“When I heard the BBC were doing King Lear with Sir Anthony Hopkins, I wrote to Piers Wenger, controller of BBC drama, and said I would like to audition for a role. I am never seen for classical roles and I think that is to do with my background – which is ironic, because Tony is the son of a baker and grew up in Port Talbot.
“The casting director didn’t want me. I suggested myself for a number of roles and was finally offered Oswald. When I walked into the rehearsal room, the director Richard Eyre said: ‘Why are you here? Oswald is a small role, and we’ve made him even smaller.’ I just pointed at Tony Hopkins and said: ‘because of him’.
“Tony changed everything for me. When I was at drama school, I got a job as an usher at the National Theatre. One of the shows in 1985 was Pravda, written by David Hare and Howard Brenton, where they combined the figures of Robert Maxwell and Rupert Murdoch and made him a South African newspaper editor. Tony Hopkins walked on stage in a box suit with slick back hair and his performance changed my life.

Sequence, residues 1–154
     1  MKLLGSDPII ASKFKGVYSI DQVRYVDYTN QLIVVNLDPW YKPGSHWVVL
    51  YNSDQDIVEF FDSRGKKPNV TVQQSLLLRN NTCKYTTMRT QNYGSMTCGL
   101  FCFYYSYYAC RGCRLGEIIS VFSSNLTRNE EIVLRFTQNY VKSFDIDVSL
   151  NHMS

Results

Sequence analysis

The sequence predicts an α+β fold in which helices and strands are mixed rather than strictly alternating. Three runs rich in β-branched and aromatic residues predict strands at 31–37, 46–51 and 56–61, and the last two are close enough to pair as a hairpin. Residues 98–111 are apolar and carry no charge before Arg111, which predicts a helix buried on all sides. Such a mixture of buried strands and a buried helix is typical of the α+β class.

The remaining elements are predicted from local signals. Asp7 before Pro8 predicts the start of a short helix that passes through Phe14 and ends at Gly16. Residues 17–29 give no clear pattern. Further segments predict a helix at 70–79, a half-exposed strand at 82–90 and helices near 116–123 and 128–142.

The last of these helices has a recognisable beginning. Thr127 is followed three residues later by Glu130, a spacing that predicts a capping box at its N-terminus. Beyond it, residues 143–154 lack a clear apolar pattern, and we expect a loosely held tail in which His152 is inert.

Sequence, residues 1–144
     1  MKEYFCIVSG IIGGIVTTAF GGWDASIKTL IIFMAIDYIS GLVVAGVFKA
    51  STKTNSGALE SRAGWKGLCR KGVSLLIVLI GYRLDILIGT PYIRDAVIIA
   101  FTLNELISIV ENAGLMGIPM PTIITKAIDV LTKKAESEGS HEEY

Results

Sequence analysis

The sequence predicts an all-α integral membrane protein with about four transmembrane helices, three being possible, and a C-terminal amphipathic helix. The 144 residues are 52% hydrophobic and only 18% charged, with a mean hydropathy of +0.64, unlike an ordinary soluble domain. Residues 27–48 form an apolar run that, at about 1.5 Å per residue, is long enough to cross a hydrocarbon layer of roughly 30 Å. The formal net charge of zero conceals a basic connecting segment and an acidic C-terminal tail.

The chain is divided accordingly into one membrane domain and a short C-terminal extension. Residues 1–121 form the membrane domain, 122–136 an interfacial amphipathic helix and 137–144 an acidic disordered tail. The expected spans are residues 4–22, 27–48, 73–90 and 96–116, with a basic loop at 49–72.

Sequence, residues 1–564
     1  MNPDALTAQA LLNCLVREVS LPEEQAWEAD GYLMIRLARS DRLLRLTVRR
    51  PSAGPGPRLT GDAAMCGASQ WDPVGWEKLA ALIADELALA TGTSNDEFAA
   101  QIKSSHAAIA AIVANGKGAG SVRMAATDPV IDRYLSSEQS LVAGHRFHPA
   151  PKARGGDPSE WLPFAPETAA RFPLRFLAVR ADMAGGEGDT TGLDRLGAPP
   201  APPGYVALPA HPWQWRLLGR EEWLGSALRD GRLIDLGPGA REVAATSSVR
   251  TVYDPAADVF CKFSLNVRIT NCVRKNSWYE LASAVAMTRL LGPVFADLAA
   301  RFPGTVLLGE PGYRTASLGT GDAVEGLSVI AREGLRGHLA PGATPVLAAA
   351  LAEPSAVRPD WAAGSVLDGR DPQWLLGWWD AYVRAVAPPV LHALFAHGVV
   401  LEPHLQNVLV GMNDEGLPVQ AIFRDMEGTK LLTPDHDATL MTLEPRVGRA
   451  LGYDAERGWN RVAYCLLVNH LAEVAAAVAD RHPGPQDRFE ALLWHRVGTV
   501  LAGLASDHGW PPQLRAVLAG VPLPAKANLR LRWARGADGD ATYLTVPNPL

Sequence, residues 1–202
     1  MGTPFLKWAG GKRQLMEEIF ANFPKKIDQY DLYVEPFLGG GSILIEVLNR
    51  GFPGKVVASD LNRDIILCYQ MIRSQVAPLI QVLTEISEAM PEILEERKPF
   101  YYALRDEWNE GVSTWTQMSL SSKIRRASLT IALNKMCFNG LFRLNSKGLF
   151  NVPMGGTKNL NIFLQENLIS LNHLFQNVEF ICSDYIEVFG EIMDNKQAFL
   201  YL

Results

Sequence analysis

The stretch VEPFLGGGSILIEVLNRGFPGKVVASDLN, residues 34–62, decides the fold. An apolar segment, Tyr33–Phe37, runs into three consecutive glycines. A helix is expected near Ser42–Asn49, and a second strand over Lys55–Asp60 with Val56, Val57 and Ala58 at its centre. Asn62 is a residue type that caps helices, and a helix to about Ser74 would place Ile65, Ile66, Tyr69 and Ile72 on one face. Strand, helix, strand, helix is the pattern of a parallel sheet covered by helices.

“What was amazing was that he always seemed like he might leave the stage at any minute. Or smash the entire place up and lose control. Or jump into the audience. But he was completely in control of what he was doing.
“It was explosive. Animalistic. Electrifying. I learned that theatre can be as exciting to watch as sport. It made me feel like I was watching George Best play football, Alex Hurricane Higgins play snooker, or Nastase and McEnroe play tennis.
“Then I would go backstage and see him eating beans on toast on his own, very reserved, looking considerably physically smaller than he did on stage – because on stage he just looked massive. I knew that was the kind of actor I wanted to be.